### 2.6 Non-parametric distributions

Non-parametric models essentially exploit the locality of data.

*Histogram density model* simply partitions the input into bins of
width \(\delta_i\), and calculate the density inside each bin by
normalization, i.e. \(\int p(x) dx = 1\), resulting in \(p_i =
\frac{n_i}{N \delta_i}\).

The downsides:

- it is discontinuous
- it does not scale with dimensionality

Two other models, *kernel method* and *KNN*, are highly
related. Specifically, with some D-dimentional distance model like
Euclidean, we can define a region \(R\) of volume \(V\) around a data
point containing \(K\) data points. The density estimator is \(p(x) =
\frac{K}{NV}\). Importantly, if we fix K and determine the value of V
from the data, it is called K-Nearest-Neighbor; if we fix V and
determine K from the data, it is called Kernel Method. The kernel
function is the function that define the shape of the region. The
kernel method has one problem: since \(V\) is fixed, if the data points
are dense at some points while sparse at others, it will lead to
precision problem.

## 3 Graphical Model

### 3.1 Graph Background

We typically denote undirected graph as H, directed graph as G, and a general graph as K.

- For two nodes connected by any edge, we have neighbor (Nb) relation
- A graph in which every pair of nodes is connected by an edge is called complete

For directed graph:

- For a direct edge, we have parent (Pa) and child (Ch) relation
- The boundary of X, denoted as \(Boundary_X\), is \(Pa_X \cup Nb_X\)
- A family in a graph is a node and its all parents
- A node is root if no parent
- A node is sink if it has no children
- A connected DAG in which every node has at most one parent is called a tree
- A connected DAG in which every node has at most one child is called a chain

For undirected graph, two nodes are *adjacent* if there is an edge
joining them, denoted as \(X \sim Y\). A *path* is a set of vertices
that are adjacent sequentially. A *complete graph* is a graph where
every pair of vertices is joined by an edge. A *subgraph* is a subset
of vertices together with their edges. A *clique* is a complete
subgraph. It is called *maximal* if it is a clique and no other
vertices can be added to it and still yield a clique.

For directed graph, a path can follow any edge, but must not reverse direction. However, a trail can follow either direction. Some defines the path as a trail, i.e. can go either along or against the arrows, and define the directed path for those that go along arrows. If there exists a path between two vertices, they are said to be connected, otherwise disconnected.

An acyclic graph containing both directed and undirected edges is
called a *partially directed acyclic graph (PDAG)*. Such a PDAG can be
cecomposed into chain components, where the edges between components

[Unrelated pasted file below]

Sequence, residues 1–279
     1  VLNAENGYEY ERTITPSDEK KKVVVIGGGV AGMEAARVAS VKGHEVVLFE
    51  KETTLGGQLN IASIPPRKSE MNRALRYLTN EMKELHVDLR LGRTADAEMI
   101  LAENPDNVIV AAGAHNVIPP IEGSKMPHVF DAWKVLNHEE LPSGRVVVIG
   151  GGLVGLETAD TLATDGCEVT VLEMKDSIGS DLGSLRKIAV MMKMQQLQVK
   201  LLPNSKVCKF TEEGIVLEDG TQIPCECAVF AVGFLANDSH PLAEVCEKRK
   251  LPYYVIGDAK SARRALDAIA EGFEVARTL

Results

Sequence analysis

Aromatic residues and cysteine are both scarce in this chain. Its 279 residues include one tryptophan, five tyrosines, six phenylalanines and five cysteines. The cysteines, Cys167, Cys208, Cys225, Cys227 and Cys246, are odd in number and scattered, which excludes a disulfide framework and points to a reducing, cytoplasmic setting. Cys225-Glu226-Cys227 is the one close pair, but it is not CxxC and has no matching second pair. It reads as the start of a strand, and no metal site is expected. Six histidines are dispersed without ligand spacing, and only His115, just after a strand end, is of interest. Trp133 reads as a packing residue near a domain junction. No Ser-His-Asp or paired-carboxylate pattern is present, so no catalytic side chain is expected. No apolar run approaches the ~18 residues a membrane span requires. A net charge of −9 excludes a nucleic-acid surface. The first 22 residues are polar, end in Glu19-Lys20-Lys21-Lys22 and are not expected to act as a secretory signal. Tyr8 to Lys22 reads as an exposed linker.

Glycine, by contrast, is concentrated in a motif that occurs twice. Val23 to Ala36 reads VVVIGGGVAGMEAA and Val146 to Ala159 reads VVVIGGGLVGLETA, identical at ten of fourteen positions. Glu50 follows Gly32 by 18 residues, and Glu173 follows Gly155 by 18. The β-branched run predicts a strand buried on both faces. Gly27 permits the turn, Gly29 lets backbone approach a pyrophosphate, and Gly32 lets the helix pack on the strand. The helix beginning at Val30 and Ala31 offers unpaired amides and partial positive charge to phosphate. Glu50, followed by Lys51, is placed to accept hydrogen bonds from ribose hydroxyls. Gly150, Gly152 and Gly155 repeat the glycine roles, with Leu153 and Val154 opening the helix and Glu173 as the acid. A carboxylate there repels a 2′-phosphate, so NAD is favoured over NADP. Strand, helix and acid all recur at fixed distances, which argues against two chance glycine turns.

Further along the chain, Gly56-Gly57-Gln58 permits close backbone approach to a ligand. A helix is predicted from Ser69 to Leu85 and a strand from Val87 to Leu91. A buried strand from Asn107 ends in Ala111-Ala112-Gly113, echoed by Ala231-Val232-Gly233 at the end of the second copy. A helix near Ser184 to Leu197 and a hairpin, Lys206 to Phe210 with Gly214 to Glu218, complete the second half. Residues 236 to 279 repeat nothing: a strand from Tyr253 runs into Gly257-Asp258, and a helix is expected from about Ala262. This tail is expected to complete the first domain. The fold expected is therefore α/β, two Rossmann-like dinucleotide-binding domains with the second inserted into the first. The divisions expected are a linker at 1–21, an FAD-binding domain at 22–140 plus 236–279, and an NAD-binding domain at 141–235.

must be directed. The hybrid network is the one that has both
continuous and discrete probabilities.

The *skeleton* of G is the corresponding undirected graph, i.e. strip
away all arrowheads.

### 3.2 Representation

We have two views of the graphical model. On one hand, we view it as a representation of a set of independence that holds in the distribution. On the other, the graph defines a skeleton for factorizing a distribution: rather than represent the entire joint distribution, we break up the distribution into smaller factors locally, and the overall joint distribution can be represented as the product of these factors. This two perspectives of graphical model are equivalent in a deep sense.

*Undirected graphical model* is also called *Markov random field* or
*Markov network*. *Directed graphical model* is called *Bayesian
network*. They differ in the set of independence they can encode, and
in the factorization of the distribution they can induce.

The general model is the *Naive Bayes Model*, or *Idiot Bayes Model*,
where we assume the *naive Bayes Assumption* that all features are
conditionally independent given its class. Thus we have the
factorization \(P(C,X_1,...,X_n) = P(C) \prod_{i=1}^n P(X_i|C)\).

### 3.3 Bayesian Network (BN)

The naive Bayes model has too strong assumption. The Bayesian Network can encode the conditional independence relationship in a finer granularity. It can be viewed in two different ways, representing a joint distribution, and a compact representation of a set of conditional independence assumptions. Both views are equivalent.

The Bayesian network has two components: a graph encode the relation,
and its *Conditional Probability Distribution (CPD)*.

#### 3.3.1 Local Independence

The ** local independence** encoded in the Bayesian Network, denoted by